MEDINA — When Nick Hoeller lost his grandfather in 2007, it was like an awakening for the local photographer, who said Thursday that he wished he knew more about the veteran’s past.
Donald Kormos was 82 when he died.
“My grandpa was in World War II and the Korean War,” Hoeller said. “I really didn’t understand what he went through. When he passed, and as I grew older, I realized how important it was.”
The desire to know more about the veteran in his life sparked an idea with Hoeller, a new project called “Faces of Sacrifice.”
The Medina photographer has been shooting portraits of veterans who live in nursing homes in the city. He took a series of nine photos in the first photo shoot in March. It went over so well, he said he is planning a second photo shoot next week.
“This will help him live on and for everyone to know what sacrifices he made,” Hoeller said of his grandfather.
“I wanted to honor these men and women that gave up so much.”
The 22-year-old Medina High School graduate hasn’t charged any of the vets for the portraits.
“I don’t think the sole purpose is to make money,” Hoeller said. “I want to show my portraits and give the veterans the spotlight they deserve.”
Hoeller formerly worked at a nursing home in Medina and approached the administrator about the idea. After photographing the veterans, he said he was honored by their reactions.
“They were super excited when I went there,” he said. “They liked how they turned out.
“I was very thankful to get as many as I did the first time.”
He said his favorite portraits are of Rowena Lindh, 87, who was in the Korean War, and John Vannorsdall, 94, who fought in World War II.
“I absolutely loved the World War II ones,” Hoeller said. “I loved the expression in their eyes and face.”
Short narratives, offering the veterans an opportunity to talk about their war experiences in their own words, accompany Hoeller’s portraits.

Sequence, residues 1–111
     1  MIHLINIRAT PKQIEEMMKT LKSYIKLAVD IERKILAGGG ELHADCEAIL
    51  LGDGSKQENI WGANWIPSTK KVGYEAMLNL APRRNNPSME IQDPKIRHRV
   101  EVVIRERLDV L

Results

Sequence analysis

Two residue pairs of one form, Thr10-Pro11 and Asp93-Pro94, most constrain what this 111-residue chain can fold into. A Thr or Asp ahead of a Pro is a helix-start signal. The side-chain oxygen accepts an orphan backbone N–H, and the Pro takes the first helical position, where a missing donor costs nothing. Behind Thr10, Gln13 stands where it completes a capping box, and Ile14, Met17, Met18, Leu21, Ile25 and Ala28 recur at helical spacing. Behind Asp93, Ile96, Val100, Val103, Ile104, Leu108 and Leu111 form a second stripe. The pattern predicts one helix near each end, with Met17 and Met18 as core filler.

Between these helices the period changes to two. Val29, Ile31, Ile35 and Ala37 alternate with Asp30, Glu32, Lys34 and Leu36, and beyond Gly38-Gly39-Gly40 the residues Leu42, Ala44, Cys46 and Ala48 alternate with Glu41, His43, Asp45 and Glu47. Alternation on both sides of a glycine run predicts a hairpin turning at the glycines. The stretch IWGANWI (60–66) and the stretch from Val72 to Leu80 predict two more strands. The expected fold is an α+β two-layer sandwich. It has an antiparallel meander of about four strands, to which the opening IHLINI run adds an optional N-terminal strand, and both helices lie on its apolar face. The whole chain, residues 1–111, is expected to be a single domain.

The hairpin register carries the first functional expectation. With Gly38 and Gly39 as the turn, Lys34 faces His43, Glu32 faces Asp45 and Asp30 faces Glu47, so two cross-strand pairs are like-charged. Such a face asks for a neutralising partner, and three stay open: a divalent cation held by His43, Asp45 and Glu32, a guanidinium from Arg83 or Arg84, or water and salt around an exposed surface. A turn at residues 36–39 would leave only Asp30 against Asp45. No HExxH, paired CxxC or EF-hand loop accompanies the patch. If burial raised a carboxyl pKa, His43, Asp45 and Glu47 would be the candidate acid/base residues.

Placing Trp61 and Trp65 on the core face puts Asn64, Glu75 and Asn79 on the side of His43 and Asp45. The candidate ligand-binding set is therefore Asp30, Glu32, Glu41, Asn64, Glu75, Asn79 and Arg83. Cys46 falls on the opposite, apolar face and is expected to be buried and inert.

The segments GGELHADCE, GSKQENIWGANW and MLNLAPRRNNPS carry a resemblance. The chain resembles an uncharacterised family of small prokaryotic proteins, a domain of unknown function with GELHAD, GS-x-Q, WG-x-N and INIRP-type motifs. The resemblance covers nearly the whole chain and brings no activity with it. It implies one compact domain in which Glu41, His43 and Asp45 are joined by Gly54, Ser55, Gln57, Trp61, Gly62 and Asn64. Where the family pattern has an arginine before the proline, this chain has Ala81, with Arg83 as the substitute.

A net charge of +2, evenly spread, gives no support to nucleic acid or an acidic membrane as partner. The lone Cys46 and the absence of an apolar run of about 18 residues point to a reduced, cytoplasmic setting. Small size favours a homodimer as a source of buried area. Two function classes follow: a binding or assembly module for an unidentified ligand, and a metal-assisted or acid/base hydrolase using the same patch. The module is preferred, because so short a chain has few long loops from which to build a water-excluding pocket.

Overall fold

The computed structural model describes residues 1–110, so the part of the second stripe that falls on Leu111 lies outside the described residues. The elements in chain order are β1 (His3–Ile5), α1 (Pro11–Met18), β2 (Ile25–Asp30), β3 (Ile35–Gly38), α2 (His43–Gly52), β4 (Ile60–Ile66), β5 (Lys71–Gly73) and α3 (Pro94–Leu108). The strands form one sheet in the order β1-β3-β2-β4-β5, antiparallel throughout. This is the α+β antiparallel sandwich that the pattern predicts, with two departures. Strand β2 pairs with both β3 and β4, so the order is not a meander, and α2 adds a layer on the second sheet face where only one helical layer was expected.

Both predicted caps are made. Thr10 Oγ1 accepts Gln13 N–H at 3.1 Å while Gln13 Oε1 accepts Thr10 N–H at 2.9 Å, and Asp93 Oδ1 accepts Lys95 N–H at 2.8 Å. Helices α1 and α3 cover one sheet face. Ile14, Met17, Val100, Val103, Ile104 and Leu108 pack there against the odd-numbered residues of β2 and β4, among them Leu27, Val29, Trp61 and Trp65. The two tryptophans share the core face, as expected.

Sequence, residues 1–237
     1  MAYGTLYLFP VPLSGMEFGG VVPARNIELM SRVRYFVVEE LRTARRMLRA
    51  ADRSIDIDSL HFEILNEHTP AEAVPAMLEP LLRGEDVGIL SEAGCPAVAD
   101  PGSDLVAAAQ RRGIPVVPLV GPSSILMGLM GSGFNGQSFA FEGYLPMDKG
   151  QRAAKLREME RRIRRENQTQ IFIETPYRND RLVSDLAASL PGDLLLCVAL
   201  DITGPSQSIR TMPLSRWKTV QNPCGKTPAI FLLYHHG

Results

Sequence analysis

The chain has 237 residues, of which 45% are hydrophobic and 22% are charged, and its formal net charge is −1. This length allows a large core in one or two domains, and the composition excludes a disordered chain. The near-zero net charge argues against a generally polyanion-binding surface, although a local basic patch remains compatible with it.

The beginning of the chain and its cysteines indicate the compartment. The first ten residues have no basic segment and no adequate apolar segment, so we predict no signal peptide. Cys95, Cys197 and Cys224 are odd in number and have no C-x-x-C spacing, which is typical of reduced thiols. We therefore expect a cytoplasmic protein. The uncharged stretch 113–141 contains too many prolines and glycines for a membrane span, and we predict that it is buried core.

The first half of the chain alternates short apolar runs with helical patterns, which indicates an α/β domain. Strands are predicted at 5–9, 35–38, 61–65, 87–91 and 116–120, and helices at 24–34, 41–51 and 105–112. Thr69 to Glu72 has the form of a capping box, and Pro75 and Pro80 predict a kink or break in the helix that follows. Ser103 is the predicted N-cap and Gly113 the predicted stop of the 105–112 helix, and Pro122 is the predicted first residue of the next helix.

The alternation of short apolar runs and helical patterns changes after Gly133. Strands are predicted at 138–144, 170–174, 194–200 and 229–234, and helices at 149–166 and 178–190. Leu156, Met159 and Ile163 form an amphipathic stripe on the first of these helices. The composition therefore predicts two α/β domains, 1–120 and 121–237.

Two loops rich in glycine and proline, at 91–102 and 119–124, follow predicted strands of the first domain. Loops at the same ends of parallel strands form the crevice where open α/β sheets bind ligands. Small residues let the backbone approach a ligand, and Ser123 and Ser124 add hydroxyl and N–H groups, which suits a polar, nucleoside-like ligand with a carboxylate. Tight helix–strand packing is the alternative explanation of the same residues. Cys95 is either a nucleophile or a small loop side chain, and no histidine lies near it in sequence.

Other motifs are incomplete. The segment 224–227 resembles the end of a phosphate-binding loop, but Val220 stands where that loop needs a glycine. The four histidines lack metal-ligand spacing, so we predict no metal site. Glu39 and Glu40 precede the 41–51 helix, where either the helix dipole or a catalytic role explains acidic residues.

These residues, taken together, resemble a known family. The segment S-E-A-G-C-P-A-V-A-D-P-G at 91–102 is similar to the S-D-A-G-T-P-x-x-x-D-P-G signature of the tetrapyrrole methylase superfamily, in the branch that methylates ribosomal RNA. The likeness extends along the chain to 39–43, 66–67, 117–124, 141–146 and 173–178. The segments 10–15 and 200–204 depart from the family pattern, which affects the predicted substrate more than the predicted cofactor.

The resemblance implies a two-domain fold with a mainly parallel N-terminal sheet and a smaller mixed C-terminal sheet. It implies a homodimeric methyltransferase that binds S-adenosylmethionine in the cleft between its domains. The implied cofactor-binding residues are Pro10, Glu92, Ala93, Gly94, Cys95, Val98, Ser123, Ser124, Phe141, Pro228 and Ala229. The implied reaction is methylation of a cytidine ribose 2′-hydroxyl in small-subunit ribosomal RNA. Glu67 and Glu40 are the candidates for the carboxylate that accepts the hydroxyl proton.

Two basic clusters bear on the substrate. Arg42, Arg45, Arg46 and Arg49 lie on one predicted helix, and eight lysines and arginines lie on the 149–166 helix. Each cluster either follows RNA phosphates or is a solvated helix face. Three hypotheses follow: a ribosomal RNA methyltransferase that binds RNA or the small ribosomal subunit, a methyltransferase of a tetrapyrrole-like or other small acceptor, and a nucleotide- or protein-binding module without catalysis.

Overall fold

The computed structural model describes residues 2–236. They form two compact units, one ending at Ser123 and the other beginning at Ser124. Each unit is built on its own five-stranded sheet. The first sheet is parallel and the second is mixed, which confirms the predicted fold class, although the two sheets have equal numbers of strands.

Lindh said she was in college working in a bookstore when she decided to join the U.S. Navy, enlisting in the WAVES, or Women Accepted for Volunteer Emergency Service which was once the U.S. Navy’s corps of female members.
“I learned that if you have been in the service, you could get your college paid for or at least help with it,” Lindh’s narrative reads.
“That’s a good deal, I thought, and it sounds like an adventure, too.”
Vannorsdall, in his own words, said he was able to apply lessons he learned in the Navy when he was chaplain at Gettysburg College in Pennsylvania. He was there for 14 years.
“It was the most racist town I’ve ever lived in,” Vannorsdall wrote.
“Most of my students were white students, only a half dozen or so were African-American. The white students in the dormitories would not take black students as partners in that dormitory.
“So, what did I do? I did what I learned in the Navy. I got a hold of the president of a black college in Kentucky and said, ‘Would you accept six of our white students for at least a week in time?’ He said, “Well, sure, I’ll be careful with them.”
“And so, I sent six white students to a black college and they learned something about what America is all about,” he said.
“That felt good.”
The nine portraits currently available for view on Hoeller’s website are all showcased in the same manner — against a dark background.
It was done on purpose, he said.
“They are all photographed in a harsh, dark environment to have you connect with them,” he wrote in describing the project.
“The darkness around them secludes you to just study their faces, no distractions — just you and them.
“This will lead you to get a sense of what they’ve been through by just looking into their eyes, their wrinkles or expressions.”
Even though it might not be a money-making venture for Hoeller, he said he wants to continue “until I run out of veterans.”
Hoeller said he has a degree in photography from Cuyahoga Community College and interned at a photo studio in Cleveland.
Veterans interested in getting their portraits photographed can contact him at firstname.lastname@example.org.